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Tomato Timing in the Desert

OK, this just feels weird, setting out tomato plants in November. But here in Palm Springs it is one of the recommended times, especially for Determinate types. I'm also trying one Indeterminate, Pineapple - one of my all-time favorites - just as an experiment. I'll start the rest of my Indeterminate heirlooms and tall hybrids around Christmas, setting them out in late February to get a crop before the killer summer temperatures and low humidity arrive in late June.

Last year, my first season here, I was surprised to discover that my most successful varieties were those that were developed for the far north - Glacier, Manitoba, Siberian, and Clear Pink Early. I only planted them because I still had seeds and wanted to try shorter varieties that could be grown in a small wire cage, no longer having a big garden area to work with.

I found Manitoba to be very productive, but a little too tall and the fruit was too mild-flavored for my taste. Clear Pink Early was, as usual, loaded with delicious thin-skinned sweet fruit and produced over an extended period of time - unusual for a Determinate type. Glacier and Manitoba both had a great number of tasty Ping-Pong ball size fruit, and when they slowed down their production I cut them back to 10-inch stems, just as an experiment. I was surprised when they re-grew into new bushes and bore fruit in July and August - a time of year here when you would not expect tomato plants to even survive (118-120 degree temperatures and 10-15% humidity).

Overall, I was somewhat disappointed with my tall Indeterminate types, but further soil modification should help. I'm adding much more organic matter (compost, steer manure, and peat moss), along with coarse sand. The soil and water here are alkaline, so the peat moss should help reduce the pH to a more neutral level. My sulfur is already on the high side, so I'd rather not add more of that. I did get fruit production, especially from the delicious Pink Girl, but not nearly the sort of heavy neighbor-giving harvest I'm used to. When the high heat season came, I removed all the tall types rather than trying to keep them alive during the summer months. At temperatures over 100, I could see that no new fruit were setting anyway.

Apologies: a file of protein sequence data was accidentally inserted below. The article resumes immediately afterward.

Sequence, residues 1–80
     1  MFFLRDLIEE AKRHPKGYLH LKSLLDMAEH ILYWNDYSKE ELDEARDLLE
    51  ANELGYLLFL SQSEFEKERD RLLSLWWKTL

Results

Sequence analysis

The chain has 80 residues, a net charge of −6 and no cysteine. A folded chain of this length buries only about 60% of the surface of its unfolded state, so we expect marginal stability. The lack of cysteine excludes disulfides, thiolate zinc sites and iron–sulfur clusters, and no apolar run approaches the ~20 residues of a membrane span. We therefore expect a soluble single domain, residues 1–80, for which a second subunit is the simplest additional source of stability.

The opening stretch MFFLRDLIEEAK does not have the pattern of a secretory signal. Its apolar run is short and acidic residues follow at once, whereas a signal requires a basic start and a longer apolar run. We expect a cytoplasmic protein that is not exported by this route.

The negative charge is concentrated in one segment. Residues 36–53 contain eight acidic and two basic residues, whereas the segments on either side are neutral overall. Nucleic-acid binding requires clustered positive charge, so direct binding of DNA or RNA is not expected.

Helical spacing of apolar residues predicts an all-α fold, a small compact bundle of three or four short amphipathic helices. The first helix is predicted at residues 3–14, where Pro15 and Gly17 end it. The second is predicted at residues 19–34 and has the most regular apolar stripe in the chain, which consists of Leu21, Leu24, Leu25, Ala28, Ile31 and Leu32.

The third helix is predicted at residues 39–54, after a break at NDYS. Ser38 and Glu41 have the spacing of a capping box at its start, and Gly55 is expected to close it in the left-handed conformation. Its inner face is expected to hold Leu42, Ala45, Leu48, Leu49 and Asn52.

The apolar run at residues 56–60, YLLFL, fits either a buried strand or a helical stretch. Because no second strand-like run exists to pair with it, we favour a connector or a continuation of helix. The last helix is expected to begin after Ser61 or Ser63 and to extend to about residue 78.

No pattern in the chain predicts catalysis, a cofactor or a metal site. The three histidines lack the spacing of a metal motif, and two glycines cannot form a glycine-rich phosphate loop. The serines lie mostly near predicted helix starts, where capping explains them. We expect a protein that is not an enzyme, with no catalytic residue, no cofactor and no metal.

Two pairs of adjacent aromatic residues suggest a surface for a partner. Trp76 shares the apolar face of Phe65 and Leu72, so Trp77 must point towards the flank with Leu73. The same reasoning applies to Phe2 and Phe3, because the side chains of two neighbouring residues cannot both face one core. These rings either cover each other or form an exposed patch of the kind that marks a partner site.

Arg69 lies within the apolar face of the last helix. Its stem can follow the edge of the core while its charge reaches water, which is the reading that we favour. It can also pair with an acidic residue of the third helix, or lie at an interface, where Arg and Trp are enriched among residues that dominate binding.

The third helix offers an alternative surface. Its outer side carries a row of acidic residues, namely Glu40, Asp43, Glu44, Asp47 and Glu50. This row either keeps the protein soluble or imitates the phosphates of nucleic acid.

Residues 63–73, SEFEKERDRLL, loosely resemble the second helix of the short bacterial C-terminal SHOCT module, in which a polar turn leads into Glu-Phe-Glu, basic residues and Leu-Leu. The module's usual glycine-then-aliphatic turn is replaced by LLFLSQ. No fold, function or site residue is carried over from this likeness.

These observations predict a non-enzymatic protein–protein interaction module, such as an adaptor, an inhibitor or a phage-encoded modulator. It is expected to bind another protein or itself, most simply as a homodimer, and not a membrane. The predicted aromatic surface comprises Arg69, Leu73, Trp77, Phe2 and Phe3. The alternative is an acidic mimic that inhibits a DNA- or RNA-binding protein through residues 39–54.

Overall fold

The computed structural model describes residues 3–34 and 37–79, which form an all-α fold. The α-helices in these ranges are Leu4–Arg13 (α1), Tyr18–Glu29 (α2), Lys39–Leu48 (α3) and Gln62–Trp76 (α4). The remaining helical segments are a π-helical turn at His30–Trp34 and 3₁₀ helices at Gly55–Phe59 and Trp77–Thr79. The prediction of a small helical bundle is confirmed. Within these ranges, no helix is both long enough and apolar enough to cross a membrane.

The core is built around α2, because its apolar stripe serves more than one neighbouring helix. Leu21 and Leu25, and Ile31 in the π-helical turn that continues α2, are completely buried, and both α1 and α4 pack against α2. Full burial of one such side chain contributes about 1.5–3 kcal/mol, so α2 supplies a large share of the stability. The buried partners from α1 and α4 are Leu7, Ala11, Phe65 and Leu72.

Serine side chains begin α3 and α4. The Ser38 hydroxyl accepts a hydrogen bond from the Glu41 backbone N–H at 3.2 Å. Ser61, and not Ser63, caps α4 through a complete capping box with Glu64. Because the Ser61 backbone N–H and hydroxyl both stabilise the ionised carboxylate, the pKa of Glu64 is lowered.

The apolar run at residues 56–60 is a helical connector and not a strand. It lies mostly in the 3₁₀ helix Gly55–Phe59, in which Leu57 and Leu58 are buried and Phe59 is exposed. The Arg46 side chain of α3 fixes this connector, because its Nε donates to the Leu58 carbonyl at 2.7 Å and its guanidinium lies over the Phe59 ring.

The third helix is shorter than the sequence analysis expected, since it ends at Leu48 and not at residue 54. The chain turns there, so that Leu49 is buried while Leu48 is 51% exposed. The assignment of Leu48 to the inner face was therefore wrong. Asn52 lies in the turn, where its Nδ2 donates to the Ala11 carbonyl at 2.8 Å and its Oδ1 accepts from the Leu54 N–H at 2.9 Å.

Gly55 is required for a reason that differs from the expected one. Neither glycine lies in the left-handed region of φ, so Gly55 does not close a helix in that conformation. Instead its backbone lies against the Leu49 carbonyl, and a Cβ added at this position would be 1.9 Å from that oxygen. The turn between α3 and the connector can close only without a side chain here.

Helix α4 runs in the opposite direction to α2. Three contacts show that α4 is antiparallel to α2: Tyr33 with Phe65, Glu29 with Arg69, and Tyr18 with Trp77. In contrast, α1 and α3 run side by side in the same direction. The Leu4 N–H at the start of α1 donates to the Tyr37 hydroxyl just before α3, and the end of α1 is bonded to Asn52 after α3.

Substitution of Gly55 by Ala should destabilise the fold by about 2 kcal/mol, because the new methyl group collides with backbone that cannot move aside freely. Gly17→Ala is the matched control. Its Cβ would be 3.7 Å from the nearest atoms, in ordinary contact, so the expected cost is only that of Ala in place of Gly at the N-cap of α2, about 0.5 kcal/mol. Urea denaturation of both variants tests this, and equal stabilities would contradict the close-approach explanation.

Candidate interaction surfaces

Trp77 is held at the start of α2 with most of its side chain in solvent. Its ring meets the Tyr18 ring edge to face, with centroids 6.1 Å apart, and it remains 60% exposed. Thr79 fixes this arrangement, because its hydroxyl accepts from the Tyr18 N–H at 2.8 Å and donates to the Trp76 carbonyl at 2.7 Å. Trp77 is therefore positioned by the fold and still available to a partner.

So, why did the far-north varieties perform so well here in the desert, while standard types gave up? My theory is that tomatoes that have been bred to tolerate colder conditions in Canada or Russia or Alaska are not just more cold-tolerant, but tougher plants, period. I doubt that many growers in the deep south or desert areas have thought to try plants named "Glacier" or "Siberian"." If I didn't have the seeds, I would have chosen mostly varieties that claim to be heat-tolerant, like Heat Wave.

For those of you in the northern climate zones, I highly recommend getting ground-up leaves or other organic matter worked into the top layers of your garden soil (no need to till deeply) before it freezes solid. Come spring, they will have decomposed into worm-friendly soil nutrients. I've also found that earthworms absolutely love newspapers - especially the society section (joke). The cellulose and soy ink are true happy meals to them. I tear the paper into narrow strips and cover them with a light layer of soil in the garden bed. Add some trace minerals, some mycorrhizal fungi spores, a little dry organic fertilizer and you have the makings of a wonderful root environment.

This, of course, is only the sort of thing that home gardeners can do - not practical for large farms - but keep in mind that a home garden bed is not a farm, and you can do all sorts of "impractical" things to improve your soil conditions, things that farmers only wish they could do.

Whenever I've moved, I've left behind highly-productive garden soils and lush low-input lawns with strong populations of beneficial organisms - mycorrhizal fungi colonies, nutrient-producing bacteria, and scores of earthworms. It's really not that hard to set up a healthy organic soil system, and your tomatoes will appreciate the effort (not to mention the beans, squash, lawn, fruit trees, flowers, shrubs, streams, lakes and underground water supplies).

Good growing, my friends,
Don Chapman
President, BioOrganics

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